Areas you might see Peach Fuzz in:

  • Beau­ty products
  • Fash­ion industry/apparel
  • Home & interiors
  • Bak­eries, dessert, and sweets shops 
  • Wed­dings

A collage of branding and marketing images in the Pantone Color of the Year - Peach Fuzz.

Peach Fuzz is a great fit for brands that focus on well-being, seren­i­ty, and calm. It could open oppor­tu­ni­ties for Spa’s, Yoga or Pilates stu­dios. And per­haps even tea or nat­ur­al juice brands focus­ing on feed­ing your body and soul. 

We might also see the influ­ence of  Peach Fuzz in tiles, tex­tiles, and illus­tra­tion pat­terns. They become state­ment pieces with­in their envi­ron­ment while still cre­at­ing a sense of calm. 

We might also see the influence of  Peach Fuzz in tiles, textiles, and illustration patterns like this image depicts.
We might also see the influence of  Peach Fuzz in tiles, textiles, and illustration patterns like this image depicts.

Unlike past col­ors of the year, Peach Fuzz pro­vides a height­ened sense of tactility.

Best Practices for Using Peach Fuzz 

Our rela­tion to col­or is always influ­enced by emo­tion — whether it’s at a sub­con­scious or con­scious lev­el. The effec­tive­ness of Peach Fuzz, like any oth­er col­or, relies heav­i­ly on its appli­ca­tion. Col­or strat­e­gy must con­sid­er not only the hue but also how it pairs with oth­er col­ors and ele­ments with­in a design. 

Peach Fuzz as a sin­gle col­or, could feel one-dimen­sion­al when applied to illus­tra­tions and print— depend­ing on your con­text. How and what you pair Peach Fuzz with oth­er col­ors can enhance its ener­gy and make it more inviting.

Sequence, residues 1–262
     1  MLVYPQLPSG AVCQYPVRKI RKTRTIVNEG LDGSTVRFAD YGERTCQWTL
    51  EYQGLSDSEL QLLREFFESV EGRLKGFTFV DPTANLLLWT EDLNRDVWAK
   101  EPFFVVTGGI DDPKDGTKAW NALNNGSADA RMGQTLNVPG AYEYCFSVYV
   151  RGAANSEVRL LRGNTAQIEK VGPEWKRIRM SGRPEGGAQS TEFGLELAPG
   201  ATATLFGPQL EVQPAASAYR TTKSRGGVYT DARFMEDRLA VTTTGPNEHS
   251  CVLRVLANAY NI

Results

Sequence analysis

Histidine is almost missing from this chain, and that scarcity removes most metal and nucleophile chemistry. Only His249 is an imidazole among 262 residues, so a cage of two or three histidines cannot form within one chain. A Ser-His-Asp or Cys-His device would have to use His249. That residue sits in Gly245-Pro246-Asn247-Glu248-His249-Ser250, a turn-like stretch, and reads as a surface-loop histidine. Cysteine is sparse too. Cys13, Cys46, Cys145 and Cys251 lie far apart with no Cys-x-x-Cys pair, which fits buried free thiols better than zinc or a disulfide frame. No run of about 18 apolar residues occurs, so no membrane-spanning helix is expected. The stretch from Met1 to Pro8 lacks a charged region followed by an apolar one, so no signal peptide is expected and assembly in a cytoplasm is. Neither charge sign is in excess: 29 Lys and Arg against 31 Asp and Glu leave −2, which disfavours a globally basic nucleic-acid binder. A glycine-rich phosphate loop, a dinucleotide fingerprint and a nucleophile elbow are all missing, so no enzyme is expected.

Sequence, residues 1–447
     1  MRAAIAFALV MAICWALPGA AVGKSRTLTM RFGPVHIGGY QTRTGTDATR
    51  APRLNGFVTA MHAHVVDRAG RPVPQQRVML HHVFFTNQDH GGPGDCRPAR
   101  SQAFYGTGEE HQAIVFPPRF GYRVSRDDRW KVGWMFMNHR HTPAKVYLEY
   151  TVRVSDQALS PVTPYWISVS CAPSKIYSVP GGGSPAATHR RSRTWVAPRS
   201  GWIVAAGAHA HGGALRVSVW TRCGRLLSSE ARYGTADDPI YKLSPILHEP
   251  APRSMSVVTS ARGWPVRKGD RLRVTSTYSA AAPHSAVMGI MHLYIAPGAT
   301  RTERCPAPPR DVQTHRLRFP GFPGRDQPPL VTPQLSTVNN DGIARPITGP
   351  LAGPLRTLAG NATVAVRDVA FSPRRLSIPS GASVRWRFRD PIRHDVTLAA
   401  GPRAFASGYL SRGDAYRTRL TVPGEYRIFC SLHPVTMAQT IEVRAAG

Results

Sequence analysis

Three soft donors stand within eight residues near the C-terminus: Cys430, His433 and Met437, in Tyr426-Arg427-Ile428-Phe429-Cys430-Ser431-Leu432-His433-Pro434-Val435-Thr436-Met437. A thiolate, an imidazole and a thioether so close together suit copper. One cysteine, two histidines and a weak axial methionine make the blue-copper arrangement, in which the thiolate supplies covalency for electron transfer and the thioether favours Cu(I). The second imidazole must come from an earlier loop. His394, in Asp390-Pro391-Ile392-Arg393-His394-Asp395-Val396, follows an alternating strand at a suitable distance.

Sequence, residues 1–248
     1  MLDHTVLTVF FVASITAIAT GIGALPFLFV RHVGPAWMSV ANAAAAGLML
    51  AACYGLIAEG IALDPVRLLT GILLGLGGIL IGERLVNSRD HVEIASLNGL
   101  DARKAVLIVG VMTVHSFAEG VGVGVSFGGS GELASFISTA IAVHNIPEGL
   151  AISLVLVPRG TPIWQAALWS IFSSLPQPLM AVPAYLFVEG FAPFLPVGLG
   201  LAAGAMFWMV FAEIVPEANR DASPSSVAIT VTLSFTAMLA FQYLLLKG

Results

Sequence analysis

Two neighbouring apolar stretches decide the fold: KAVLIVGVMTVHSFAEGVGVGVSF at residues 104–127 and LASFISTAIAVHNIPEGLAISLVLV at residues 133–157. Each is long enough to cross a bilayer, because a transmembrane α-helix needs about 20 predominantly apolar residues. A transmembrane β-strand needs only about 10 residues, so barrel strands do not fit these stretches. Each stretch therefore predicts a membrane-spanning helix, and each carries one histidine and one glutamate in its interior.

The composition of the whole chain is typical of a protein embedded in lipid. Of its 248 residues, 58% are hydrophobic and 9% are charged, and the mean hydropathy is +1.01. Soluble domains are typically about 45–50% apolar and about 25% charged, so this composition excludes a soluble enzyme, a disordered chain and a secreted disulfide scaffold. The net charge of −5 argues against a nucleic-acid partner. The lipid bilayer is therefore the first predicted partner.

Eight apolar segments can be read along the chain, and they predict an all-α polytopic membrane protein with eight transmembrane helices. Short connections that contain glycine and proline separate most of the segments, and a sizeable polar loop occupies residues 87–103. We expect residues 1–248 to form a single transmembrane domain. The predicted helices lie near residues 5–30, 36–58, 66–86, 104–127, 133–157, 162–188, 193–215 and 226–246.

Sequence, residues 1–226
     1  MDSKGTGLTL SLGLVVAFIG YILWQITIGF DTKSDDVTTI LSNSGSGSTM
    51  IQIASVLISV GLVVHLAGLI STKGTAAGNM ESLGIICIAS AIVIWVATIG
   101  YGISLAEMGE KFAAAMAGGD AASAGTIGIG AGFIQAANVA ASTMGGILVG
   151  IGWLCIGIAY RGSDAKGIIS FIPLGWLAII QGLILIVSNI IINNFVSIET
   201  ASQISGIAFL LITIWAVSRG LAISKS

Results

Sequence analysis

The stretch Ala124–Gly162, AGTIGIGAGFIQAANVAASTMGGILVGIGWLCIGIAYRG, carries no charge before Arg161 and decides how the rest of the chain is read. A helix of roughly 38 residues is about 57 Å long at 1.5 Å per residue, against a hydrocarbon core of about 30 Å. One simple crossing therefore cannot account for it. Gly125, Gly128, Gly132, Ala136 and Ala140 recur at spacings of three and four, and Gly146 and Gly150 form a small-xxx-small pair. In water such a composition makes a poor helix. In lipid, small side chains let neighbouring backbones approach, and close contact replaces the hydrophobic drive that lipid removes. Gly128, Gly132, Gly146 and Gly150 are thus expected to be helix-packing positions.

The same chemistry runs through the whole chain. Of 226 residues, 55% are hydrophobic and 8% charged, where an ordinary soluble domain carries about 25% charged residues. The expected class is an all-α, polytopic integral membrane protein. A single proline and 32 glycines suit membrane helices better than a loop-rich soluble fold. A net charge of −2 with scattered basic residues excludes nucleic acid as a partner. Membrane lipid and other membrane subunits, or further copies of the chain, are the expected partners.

Here are some things to consider when using Peach Fuzz:

  • Your col­or com­bi­na­tions can dras­ti­cal­ly change the mean­ing. Always con­sid­er what the oth­er col­ors mean when pair­ing these togeth­er. Pair­ing Peach Fuzz with high-chro­ma greens could appeal to a refresh­ing mood that still con­nects to nature and feels regenerative.

  • While our world is seek­ing a sense of calm amid hate, tur­moil, and chaos, not all con­sumers will feel con­nect­ed to this hue. It can feel too soft for some. Per­son­al pref­er­ences towards a col­or are impos­si­ble to con­trol, but how you pair that col­or with your con­text and who it’s meant to be for can make a pro­found difference.

  • Peach Fuzz is a soft hue that will cre­ate acces­si­bil­i­ty issues. Using white or very light-col­ored text with a Peach Fuzz back­ground should be avoid­ed. Make sure you have enough con­trast for acces­si­bil­i­ty pur­pos­es. You can quick­ly check using a free tool such as

An example of how to use Peach Fuzz in images. With no drop shadows on the text, it can be hard to read.
An example of how to use Peach Fuzz in images. Drop shadows on the text improve legibility.

While we don’t always encour­age drop shad­ows on type, in the exam­ples above, you can see how a sub­tle shad­ow can improve leg­i­bil­i­ty when com­par­ing the image on the left ver­sus the right.

We will be updat­ing our pop­u­lar LinkedIn Course: Col­or Trends, very soon with more infor­ma­tion and exam­ples on how you can lever­age Peach Fuzz. 

While Peach Fuzz may not appeal to every­one, when used with­in the right con­text it can have a huge impact. It serves as a reminder that col­or is an essen­tial part of our world, influ­enc­ing our moods, behav­iors, and decisions. 

About the Author

Nicte Cuevas, Principal of Nicte Creative Design, empowers mission-driven businesses through strategic design & branding. Nicte has applied this when working with Adobe Spark and Twitter Business, LinkedIn Learning, Dogs on Deployment and Purina, Girl Scouts, The Houston Zoo and The Contemporary Arts Museum. Her excellence in communication design & marketing has been recognized by multiple national / international awards, including a coveted feature in Graphic Design USA's People to Watch.